ok. I must really be missing something because when i put in a number the program runs but when i put in what is being passed (which is random numbers) it gives

Ex.

``````Point Point::midpoint( const Point &midPoint)
{

Point middle;

middle.setX(/* it only lets me set numbers, like 5, not what is being passed*/);
middle.setY(/*same problem as above*/)

return middle;
}``````

these are the errors it gives

``````Point.cpp:82: error: ‘number1’ was not declared in this scope
Point.cpp:83: error: no matching function for call to ‘Point::setY()’
Point.cpp:53: note: candidates are: void Point::setY(double)``````

this is where i set the random numbers

``````srand(time(0));
number1 = rand() % 1000 ;
number2 = rand() % 1000 ;

pt1.setX(number1);
pt1.setY(number2);
pt1.print();``````

and when i try and set pt1 to the random numbers like you did with pt1(2.0,2.0) I get

``````Point.cpp:82: error: no matching function for call to ‘Point::setX()’
Point.cpp:48: note: candidates are: void Point::setX(double)
Point.cpp:83: error: no matching function for call to ‘Point::setY()’
Point.cpp:53: note: candidates are: void Point::setY(double)
make[2]: Leaving directory `/home/dcornell/2004/hw/HW6'``````

Sorry, I was running under the assumption that you were using a double to represent your x and y variables in your Point class and therefore assumed that your setX and setY member functions would also take doubles as parameters.

When calling your classes setX and setY functions, you need to make sure you are passing whatever type of values the functions are expecting.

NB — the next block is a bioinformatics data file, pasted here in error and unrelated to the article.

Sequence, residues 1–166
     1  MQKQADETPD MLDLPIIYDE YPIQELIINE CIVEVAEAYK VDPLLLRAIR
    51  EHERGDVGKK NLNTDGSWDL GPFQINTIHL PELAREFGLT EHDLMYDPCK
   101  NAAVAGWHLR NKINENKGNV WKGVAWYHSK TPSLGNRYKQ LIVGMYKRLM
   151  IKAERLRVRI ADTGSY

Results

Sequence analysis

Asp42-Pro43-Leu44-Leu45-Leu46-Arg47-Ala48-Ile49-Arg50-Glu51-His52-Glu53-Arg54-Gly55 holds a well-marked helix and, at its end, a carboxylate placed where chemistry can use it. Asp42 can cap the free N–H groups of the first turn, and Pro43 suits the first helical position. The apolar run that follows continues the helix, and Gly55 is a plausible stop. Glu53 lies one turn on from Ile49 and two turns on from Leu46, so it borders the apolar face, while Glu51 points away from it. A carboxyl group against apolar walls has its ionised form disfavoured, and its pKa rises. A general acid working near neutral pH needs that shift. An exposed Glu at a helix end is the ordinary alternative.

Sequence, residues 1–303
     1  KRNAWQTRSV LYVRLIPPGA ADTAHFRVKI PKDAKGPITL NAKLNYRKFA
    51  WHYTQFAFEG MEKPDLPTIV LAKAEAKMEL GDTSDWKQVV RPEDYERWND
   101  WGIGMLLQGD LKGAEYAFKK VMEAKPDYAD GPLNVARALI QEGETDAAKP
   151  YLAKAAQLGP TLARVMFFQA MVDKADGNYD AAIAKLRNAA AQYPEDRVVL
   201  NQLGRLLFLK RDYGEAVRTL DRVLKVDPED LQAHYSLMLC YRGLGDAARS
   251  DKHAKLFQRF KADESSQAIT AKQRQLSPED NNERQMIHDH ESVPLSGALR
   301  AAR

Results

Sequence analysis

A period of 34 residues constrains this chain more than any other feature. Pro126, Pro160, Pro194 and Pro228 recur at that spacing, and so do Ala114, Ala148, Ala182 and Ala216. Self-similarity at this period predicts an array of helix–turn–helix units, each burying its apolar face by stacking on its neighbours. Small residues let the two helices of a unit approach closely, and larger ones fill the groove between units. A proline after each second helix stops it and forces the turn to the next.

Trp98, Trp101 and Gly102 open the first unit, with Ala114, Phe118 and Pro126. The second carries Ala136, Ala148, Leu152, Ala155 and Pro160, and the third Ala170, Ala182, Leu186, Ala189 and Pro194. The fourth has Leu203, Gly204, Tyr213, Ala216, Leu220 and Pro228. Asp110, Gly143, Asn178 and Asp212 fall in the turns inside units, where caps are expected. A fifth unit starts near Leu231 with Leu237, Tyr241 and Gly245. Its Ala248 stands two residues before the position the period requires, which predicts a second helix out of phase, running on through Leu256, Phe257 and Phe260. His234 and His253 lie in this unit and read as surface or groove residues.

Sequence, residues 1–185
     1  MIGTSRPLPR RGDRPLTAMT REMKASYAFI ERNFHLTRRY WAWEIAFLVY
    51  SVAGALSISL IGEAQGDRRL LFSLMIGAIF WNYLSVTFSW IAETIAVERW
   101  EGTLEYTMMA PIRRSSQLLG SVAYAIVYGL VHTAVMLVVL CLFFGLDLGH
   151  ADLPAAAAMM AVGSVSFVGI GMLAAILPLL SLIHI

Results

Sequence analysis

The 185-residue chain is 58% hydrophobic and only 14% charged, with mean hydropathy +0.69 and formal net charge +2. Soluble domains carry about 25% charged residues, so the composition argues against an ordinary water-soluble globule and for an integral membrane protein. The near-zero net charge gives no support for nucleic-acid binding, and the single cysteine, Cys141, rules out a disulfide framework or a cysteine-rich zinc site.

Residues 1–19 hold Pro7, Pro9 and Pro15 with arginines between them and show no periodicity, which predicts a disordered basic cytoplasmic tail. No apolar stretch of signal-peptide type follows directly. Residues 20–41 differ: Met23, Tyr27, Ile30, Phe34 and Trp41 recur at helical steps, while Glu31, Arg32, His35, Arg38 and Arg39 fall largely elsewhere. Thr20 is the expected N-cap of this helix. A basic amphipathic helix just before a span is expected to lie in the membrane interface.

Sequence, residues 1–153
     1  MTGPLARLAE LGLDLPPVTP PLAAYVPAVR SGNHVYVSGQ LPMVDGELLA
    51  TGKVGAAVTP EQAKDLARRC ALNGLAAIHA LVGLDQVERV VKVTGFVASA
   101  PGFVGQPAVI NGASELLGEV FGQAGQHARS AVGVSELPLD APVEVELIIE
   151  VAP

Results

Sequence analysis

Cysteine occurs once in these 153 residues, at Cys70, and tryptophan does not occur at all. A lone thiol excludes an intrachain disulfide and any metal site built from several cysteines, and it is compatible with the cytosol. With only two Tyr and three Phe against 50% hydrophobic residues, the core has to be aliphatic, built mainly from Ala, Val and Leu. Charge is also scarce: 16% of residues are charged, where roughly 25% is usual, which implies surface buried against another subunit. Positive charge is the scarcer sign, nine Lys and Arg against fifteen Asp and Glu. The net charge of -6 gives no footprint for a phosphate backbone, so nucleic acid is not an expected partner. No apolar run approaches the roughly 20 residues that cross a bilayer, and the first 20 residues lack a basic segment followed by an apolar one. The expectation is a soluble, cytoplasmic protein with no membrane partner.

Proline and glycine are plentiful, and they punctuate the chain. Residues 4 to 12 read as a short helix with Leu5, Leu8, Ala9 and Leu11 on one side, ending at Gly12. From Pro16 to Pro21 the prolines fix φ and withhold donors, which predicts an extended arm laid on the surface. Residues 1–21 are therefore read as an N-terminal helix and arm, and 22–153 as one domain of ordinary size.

Also what types are 'number1' and 'number2'? From what I can see there you haven't specified their type, which is probably why you're getting this error:
Point.cpp:82: error: ‘number1’ was not declared in this scope

You should also be getting similar errors about 'number2' too!

The thing to bear in mind is that rand() will generate an int value and the modulus operation will also yield an int.

Bearing this in mind; if your setX and setY functions require an int as a parameter, then you simply need to ensure that number1 and number2 are set up as ints:

``````srand(time(0));
int number1 = rand() % 1000;
int number2 = rand() % 1000;

Point pt1;
pt1.setX(number1);
pt1.setY(number2);
pt1.print();``````

Otherwise, if your setX and setY functions require a double as a parameter, then you'll need to declare number1 and number2 to be doubles and cast the int returned by the expression 'rand()%1000' to double like this:

``````srand(time(0));
double number1 = static_cast<double>(rand() % 1000);
double number2 = static_cast<double>(rand() % 1000);

Point pt1;
pt1.setX(number1);
pt1.setY(number2);
pt1.print();``````

BTW: Inside the Point::MidPoint function you should have something like this:

``````Point Point::midpoint( const Point &somePoint)
{

Point middle; // this is the midpoint which we'll return

//calculate and set the x and y of the midpoint
middle.setX((this->getX() + somePoint.getX())/2);
middle.setY((this->getY() + somePoint.getY())/2)

// return the midpoint
return middle;
}``````

The point passed into the function is not the midpoint, it's the point we want to find the midpoint for. i.e. We want to find the midpoint between 'this' Point instance (the point whose midpoint function we're calling) and the passed-in point.
The point returned by the function contains the midpoint.

Is that kinda making sense now??

This topic has been dead for over six months. Start a new discussion instead.
Have something to contribute to this discussion? Please be thoughtful, detailed and courteous, and be sure to adhere to our posting rules.